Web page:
In an effort to alleviate the financial burden on bars and restaurants caused by the COVID-19 pandemic, more than 30 states temporarily modified their laws to allow the sale of “to-go” alcoholic beverages. These temporary measures allowed for the pickup and delivery of alcoholic beverages for consumption off-premises from establishments that were traditionally restricted to serving alcohol for consumption on-premises, such as bars and restaurants. Although the pandemic took a heavy financial toll on bars and restaurants, there is evidence showing that temporary measures allowing to-go alcohol sales have helped bars and restaurants stay afloat. And, despite many establishments being forced to close their inside spaces, total revenue from sales of alcoholic beverages was up 2.0% last year, the largest gain in the United States since 2002.
Now, in response to a recent push to keep the temporary to-go measures in place, and with most of the measures set to expire, many states have enacted laws making permanent the once temporary measures allowing for the sale of to-go alcohol. While over a dozen states have permanently legalized to-go alcohol sales, several other states have passed to-go alcohol laws as a temporary relief measure. These temporary measures are set to automatically expire after a number of years. Illinois’ to-go alcohol law, for example, expires in January 2024; Tennessee’s in July 2023. Other states—approximately one dozen—never extended temporary relief to restaurants and bars, and a few states, such as New York, have allowed the temporary relief to expire.
The requirements imposed on establishments and consumers by the to-go alcohol laws vary, but some trends are apparent:
Virtually all states require alcoholic beverages prepared by bars or restaurants to be sealed in a manner that clearly shows whether the alcoholic beverage has been tampered with or opened. Such tamper-evident seals may include a bag sealed with a zip tie or staple, shrink wrap, tape, or another kind of seal.
Some states have container-labelling requirements, and these vary widely. Texas, for example, requires only that alcoholic beverages prepared by the establishment (rather than in a manufacturer’s original container) be labelled with the business’s name and the words “alcoholic beverage.” Illinois, by contrast, requires that alcoholic beverages prepared by the establishment be labelled with the beverage’s ingredients, alcohol name, type, and volume, and the business’s name, address, and license number. Alcoholic beverages sold in the manufacturer’s original container must be labelled with the business’s name, address, and license number.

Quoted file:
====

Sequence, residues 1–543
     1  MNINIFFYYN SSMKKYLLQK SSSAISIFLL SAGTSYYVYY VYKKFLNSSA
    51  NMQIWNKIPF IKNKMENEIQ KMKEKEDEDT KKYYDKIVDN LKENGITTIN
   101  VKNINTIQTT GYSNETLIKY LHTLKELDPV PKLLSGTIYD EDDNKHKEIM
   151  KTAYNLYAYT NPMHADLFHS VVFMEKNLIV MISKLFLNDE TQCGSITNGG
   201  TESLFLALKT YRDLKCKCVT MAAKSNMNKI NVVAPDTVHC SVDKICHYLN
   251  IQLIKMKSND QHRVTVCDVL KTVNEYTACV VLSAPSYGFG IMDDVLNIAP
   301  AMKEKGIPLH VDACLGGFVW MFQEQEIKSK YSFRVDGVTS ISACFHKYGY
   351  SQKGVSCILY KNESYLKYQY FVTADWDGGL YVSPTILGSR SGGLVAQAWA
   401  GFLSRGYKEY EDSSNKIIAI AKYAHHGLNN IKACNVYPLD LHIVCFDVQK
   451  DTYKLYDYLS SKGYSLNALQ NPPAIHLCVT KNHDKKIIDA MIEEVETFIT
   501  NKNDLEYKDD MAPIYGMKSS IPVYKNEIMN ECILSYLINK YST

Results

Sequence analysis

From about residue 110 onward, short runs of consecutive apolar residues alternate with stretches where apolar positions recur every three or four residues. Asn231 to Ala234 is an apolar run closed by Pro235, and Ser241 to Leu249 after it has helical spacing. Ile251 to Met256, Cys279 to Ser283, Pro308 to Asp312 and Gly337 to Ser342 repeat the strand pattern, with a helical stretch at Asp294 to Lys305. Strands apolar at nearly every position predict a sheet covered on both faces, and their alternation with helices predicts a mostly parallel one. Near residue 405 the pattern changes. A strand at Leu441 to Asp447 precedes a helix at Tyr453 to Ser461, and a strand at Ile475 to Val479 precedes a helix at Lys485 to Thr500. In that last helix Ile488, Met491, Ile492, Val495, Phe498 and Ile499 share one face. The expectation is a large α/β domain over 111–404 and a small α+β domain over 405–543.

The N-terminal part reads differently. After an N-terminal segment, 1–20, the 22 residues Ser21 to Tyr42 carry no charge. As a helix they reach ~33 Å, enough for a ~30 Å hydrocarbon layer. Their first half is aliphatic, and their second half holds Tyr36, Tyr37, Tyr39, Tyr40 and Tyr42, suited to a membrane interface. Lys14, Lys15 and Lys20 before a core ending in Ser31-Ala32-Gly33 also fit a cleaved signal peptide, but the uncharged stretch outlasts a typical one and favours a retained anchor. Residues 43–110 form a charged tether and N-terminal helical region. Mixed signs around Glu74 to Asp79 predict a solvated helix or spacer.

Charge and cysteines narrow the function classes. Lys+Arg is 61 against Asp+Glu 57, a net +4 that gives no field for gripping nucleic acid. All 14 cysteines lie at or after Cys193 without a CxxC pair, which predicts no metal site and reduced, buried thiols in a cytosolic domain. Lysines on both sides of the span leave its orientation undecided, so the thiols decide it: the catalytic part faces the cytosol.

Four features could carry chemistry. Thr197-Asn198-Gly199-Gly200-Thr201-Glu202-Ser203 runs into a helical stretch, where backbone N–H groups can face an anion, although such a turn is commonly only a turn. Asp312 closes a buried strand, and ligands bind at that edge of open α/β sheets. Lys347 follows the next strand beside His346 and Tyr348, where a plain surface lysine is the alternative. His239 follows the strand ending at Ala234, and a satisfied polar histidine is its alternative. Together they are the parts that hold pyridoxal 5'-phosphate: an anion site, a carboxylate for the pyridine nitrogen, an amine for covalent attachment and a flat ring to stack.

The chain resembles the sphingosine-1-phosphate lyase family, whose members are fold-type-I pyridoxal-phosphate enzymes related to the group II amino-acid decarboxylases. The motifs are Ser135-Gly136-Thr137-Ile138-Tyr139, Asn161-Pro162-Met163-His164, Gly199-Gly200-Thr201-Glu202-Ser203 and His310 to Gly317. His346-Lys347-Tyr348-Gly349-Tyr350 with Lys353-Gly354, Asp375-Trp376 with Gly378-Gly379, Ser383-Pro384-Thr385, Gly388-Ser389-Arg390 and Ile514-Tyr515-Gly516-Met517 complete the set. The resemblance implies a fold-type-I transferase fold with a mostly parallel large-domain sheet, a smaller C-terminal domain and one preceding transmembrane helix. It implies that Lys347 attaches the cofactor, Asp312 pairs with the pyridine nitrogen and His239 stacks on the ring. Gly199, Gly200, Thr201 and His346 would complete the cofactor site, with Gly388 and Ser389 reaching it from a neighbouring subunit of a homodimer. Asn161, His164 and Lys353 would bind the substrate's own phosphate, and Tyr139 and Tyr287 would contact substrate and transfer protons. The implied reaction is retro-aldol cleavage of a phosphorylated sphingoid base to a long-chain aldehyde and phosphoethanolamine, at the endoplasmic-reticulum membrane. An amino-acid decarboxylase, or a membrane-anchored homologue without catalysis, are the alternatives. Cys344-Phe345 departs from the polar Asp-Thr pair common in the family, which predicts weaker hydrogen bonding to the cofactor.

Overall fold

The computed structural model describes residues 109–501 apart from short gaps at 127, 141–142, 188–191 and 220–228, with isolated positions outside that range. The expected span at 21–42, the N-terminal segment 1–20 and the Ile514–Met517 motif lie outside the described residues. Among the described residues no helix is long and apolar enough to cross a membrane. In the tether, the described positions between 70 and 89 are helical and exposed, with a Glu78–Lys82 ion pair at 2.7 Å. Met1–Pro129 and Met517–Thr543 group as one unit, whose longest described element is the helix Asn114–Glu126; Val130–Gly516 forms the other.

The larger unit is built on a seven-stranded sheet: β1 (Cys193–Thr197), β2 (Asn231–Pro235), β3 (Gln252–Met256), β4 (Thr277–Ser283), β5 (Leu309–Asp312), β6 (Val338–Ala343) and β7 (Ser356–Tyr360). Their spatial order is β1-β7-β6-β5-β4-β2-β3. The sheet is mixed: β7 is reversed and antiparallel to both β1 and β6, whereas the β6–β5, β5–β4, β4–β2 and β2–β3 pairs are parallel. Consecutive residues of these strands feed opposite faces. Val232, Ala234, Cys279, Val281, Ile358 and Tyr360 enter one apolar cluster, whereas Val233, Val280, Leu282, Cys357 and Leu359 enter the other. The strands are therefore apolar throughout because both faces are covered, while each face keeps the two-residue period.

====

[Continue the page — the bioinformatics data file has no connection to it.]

To-go alcoholic beverages must be accompanied by a food order:
Many states require drinks be sold along with a food order prepared by the establishment selling the drinks, and some states, such as Ohio, limit the number of drinks allowed per meal sold.
Some states impose drink-size restrictions. Tennessee, for example, sets the limit at 16 fl. oz. per drink, but does not limit the number of drinks per order, while Colorado allows bars and restaurants to sell no more than 50.8 fl. oz. of wine, 144 fl. oz., of beer, and 33.8 fl. oz. of spirituous liquors per delivery or take out order.
A few states have imposed restrictions on when bars and restaurants can sell to-go alcohol. Colorado’s law, for example, restricts the sale of to-go alcohol from 7:00 a.m. to midnight, and Vermont has implemented a similar 10:00 a.m. to 11:00 p.m. restriction.
None of the various states’ to-go alcohol laws are identical, and some even have idiosyncratic requirements. For example, Illinois expressly prohibits delivery by a third party (that is, anyone who is not the establishment selling the alcohol), and Tennessee requires each establishment post a sign on its premises that states “[a] driver shall not consume alcoholic beverages or beer while operating a motor vehicle in this state.” Because of the considerable differences between these laws, and the changing legal landscape, it is important that establishments intending to offer to-go alcoholic beverages ensure they stay up-to-date on any changes in the law within their state(s) of operation and consult an attorney to advise them of proper compliance measures.
These recently-implemented to-go alcohol laws serve as just one example of the evolving landscape of alcohol law and regulation in the United States. Establishments with questions about alcohol laws are encouraged to consult with legal counsel.